Fans were upset. One Tokyo homemaker told the Yomiuri Shimbun , “I thought the [gambling] issue was over, but new problems keep appearing. I feel like I’ve been betrayed.” Some wrestlers said the were rattled in the tournament. One juryo wrestler in the Omonamtsu--- which had eight suspended wrestlers---lost his first nine matches in the Nagoya basho. He said, “I lost because I wasn’t strong enough. I couldn’t practice properly” before the tournament.
Gangsters Arrested in the Sumo Baseball Gambling Scandal
In July 210, former sumo wrestler Mitsumomo Furuichi was arrested on extortion charges for allegedly extorting ¥3.5 million in hush money from Kotomitsuki by threatening to leak the wrestlers participation in illegal gambling on baseball games if he didn’t forfeit the money.
In August 2010, four members of Yamaguchi-gum crime syndicate were arrested for extorting millions of yen in hush money from an unnamed sumo wrestler in the Onomatsu stable. They were: Furuichi, arrested again on the new charges; Yoshihiko Yasuda, a senior gang member based in Fukuoka; Satohiro Mantani, a senior gang member based in Osaka; and Katsuhito, a member of the same gang.
In trial that started September 2010, Furuichi pleaded guilty to charges of trying to extort ¥3.5 million from Kotomitsuki. He pleaded not guilty to charges of extorting ¥3 million from another wrestler. Furuichi’s co-defendant in both cases, Yasada, pleaded not guilty in both cases.
In January 2011, four people, including three former wrestlers, were arrested on charges of operating or assisting in a gambling ring. Arrested were Sadahide Furuichi, 34, former wrestler in the second-tier juryo division; Tetsuya Yabushita, 29, a former makushita lower division wrestler; Shunsaku Yamamoto, 35, former makushita division wrestler; and Furuichi's mother Yoneko, 63. All three former wrestlers belonged to the Onomatsu sumo stable. According to investigation sources, Sadahide and Yoneko are suspected of taking bets on professional interleague baseball games on May 15, collecting a total of ¥230,000 from three people, including sumo wrestlers. Yabushita and Yamamoto are suspected of soliciting bets on baseball games in April and May 2009, collecting a total of ¥1.08 million from six people, including sumo wrestlers. In October 2011, Mitsutomo Furuichi was sentenced to 4 ½ year in prison for extortion.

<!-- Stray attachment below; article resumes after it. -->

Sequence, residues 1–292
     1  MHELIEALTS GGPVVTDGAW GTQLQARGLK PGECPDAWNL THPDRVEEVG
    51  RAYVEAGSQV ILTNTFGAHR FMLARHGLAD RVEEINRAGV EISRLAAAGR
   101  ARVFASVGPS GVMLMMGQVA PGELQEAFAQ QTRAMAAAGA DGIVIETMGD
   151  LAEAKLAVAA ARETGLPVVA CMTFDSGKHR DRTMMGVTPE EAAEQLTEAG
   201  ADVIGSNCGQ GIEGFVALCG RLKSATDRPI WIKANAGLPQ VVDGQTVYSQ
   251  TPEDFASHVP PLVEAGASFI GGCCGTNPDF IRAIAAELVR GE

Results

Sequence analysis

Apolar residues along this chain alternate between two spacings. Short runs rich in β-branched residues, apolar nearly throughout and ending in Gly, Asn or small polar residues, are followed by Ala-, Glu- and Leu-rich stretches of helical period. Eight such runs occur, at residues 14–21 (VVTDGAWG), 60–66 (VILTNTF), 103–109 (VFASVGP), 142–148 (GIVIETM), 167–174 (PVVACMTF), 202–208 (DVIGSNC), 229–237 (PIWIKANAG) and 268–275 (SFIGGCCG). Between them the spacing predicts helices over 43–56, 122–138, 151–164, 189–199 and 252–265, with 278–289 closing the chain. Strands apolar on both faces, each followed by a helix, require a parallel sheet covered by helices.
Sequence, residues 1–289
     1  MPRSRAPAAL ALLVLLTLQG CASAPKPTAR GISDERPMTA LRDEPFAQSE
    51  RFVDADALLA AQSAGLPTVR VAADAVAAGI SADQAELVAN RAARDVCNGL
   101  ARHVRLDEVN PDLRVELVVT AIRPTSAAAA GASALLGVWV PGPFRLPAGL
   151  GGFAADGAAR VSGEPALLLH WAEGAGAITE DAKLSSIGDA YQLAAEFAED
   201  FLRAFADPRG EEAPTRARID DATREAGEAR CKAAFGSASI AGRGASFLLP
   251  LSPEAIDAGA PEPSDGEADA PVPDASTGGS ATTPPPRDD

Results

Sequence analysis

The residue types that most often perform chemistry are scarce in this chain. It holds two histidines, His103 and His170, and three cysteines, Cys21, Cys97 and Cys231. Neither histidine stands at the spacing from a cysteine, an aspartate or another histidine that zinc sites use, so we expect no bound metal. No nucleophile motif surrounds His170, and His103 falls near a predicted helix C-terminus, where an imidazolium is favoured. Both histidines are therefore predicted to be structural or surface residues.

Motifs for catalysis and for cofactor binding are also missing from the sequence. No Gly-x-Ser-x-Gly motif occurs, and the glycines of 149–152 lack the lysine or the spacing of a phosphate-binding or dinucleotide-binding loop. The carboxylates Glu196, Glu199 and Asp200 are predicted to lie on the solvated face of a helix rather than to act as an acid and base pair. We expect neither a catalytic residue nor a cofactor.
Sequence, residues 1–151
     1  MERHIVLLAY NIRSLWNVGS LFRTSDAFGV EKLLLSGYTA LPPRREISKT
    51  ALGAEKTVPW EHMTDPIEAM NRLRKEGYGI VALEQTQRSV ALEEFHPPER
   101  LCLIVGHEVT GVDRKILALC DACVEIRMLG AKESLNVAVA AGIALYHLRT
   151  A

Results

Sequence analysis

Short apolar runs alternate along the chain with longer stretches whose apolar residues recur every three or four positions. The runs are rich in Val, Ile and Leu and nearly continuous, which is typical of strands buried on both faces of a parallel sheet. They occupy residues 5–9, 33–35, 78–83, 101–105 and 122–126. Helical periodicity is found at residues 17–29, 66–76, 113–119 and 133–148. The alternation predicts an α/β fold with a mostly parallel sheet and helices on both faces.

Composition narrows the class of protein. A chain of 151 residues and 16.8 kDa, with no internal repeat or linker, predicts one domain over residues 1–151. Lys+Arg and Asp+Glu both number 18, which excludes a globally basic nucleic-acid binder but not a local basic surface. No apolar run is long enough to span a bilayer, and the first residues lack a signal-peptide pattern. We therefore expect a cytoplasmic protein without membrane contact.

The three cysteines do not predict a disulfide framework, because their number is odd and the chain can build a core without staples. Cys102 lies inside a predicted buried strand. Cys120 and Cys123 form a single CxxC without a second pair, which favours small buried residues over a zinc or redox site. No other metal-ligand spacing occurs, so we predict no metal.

Sumo Wrestlers and Gangsters
The baseball gambling scandal revealed the degree to which organized crime had infiltrated sumo. It has been long known that tanimachi, the financial supporters of the stables, sometimes had ties with gangsters and there have been rumors of criminal organizations being involved in sumo events such as local tournaments.
The depth of ties between gangsters and the sumo world is not known. In May 2010 it was disclosed that front-row seats usually reserved for people that make large contributions to the JSA were offered to gangsters at some tournaments. Some of the stablemasters that initially denied knowing anything about how gangsters got ring side tickets later admitted they socialized occasionally with gangsters, One former wrestler told the Yomiuri Shimbun, “I visited the office [of Yamaguchi-gumi] several times when I was a wrestler and had meals” with gang members. Several stablemasters were demoted for providing gangsters with tickets to tournaments. Some of them denied knowing that tickets given out by their stables ended up in the hands of gangsters.
In July 2010, it was revealed that stablemaster Matsugane used a building rented from gangster-related real estate agency for 20 years, and used it to lodge his wrestlers, and said the president of the real firm was a major supporter of his stable. The agency president has been convicted of loan sharking and driving tenants from their apartments by playing Buddhist sutra tapes at full volume and harassing them in other ways.